Gianni Bugno, the president of the professional cyclists’ association (CPA) says that it is unacceptable that incidents such as the post finish line crash at the Vuelta yesterday that left Team Sky rider Dylan van Baarle with cuts and bruises continue to happen despite race organisers and the UCI promising to improve rider safety.
As van Baarle crossed the line yesterday after finishing second to Alexandre Geniez of AG2R La Mondiale, a race official was running away from the finish with his back towards the rider. Geniez was unable to avoid him and caught his elbow, with van Baarle coming down as a result.
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Vuelta organisers have apologised for the incident, which happened less than a week after the down-draft from a helicopter hovering above the finish area of Stage 6 of the race blew crash barriers across the road, causing riders to crash including Julien Duval of AG2R La Mondiale, who needed stitches.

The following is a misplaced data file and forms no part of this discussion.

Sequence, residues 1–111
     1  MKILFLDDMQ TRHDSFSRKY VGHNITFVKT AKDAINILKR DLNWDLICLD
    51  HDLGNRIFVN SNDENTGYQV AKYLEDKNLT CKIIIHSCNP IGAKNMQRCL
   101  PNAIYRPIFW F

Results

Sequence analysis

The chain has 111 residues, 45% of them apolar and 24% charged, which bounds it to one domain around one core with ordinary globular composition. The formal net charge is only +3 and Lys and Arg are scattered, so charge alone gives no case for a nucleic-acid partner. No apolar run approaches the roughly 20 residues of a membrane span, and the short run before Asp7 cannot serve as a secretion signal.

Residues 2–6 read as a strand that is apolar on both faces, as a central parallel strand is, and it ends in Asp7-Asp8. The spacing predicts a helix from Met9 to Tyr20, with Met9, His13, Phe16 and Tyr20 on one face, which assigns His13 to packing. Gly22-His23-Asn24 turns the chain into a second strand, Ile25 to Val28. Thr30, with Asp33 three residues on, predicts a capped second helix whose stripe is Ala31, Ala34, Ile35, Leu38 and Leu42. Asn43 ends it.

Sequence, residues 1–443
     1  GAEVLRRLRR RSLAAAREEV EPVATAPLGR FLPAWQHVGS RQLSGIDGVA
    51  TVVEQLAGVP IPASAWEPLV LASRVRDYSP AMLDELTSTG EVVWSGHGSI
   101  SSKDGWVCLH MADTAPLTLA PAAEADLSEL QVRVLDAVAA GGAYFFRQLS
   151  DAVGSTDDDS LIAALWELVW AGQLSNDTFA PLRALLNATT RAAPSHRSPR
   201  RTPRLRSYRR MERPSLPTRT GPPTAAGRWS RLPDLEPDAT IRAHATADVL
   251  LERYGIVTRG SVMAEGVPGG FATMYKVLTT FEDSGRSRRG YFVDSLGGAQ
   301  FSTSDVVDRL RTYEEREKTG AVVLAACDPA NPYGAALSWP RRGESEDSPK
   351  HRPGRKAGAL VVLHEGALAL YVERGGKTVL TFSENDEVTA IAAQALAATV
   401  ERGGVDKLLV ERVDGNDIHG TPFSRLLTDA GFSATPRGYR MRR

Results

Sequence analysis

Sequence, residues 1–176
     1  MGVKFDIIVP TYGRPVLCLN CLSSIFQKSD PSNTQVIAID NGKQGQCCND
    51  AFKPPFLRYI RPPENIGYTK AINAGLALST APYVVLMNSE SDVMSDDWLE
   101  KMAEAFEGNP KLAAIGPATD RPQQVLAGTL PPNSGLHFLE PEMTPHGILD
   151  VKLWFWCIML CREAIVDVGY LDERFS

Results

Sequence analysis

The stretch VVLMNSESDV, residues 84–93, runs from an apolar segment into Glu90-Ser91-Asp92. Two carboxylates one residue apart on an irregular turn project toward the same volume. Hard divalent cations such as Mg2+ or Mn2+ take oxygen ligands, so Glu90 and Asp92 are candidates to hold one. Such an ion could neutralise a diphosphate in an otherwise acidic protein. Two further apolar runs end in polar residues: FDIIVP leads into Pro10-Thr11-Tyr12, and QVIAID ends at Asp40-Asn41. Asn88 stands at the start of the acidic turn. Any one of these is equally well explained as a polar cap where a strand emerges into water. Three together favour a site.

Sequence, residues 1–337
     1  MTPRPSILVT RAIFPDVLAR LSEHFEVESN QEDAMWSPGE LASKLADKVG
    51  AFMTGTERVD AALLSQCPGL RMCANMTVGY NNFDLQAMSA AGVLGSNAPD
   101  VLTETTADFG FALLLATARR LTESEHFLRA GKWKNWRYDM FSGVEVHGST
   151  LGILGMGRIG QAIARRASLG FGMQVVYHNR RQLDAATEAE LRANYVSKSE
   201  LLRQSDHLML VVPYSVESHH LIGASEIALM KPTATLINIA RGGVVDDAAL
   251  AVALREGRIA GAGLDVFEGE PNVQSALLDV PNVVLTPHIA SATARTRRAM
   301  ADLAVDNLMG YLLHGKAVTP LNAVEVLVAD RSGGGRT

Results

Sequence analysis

After yesterday’s incident, Bugno said: "It is not acceptable that after months of work of all the stakeholders to improve the safety at the races, we are still seeing episodes such as the fall at the arrival of the twelfth stage of the today's Vuelta.
"I am really tired of seeing this superficiality in applying the regulations set out in the Organiser Specifications. This lack of attention from the organisers demonstrates a total lack of respect towards us that have worked hard to improve the safety at the races and a total lack of consideration towards the riders.
“We are no longer willing to accept post apologies for foreseeable accidents,” Bugno continued. "The organisers must do their duty and must be penalized if they do not comply with the regulations. The UCI must intervene to verify that the regulations are respected. There are no extenuating circumstances.
“We are very disappointed by this latest lack of attention towards the riders and towards all the work we have been doing for months,” he added.
“Cycling is becoming a dangerous sport rather than improving and this time we are no longer willing to listen to those who do not respect the rules."
Born in Scotland, Simon moved to London aged seven and now lives in the Oxfordshire Cotswolds with his miniature schnauzer, Elodie. He fell in love with cycling one Saturday morning in 1994 while living in Italy when Milan-San Remo went past his front door. A daily cycle commuter in London back before riding to work started to boom, he's been news editor at road.cc since 2009. Handily for work, he speaks French and Italian. He doesn't get to ride his Colnago as often as he'd like, and freely admits he's much more adept at cooking than fettling with bikes.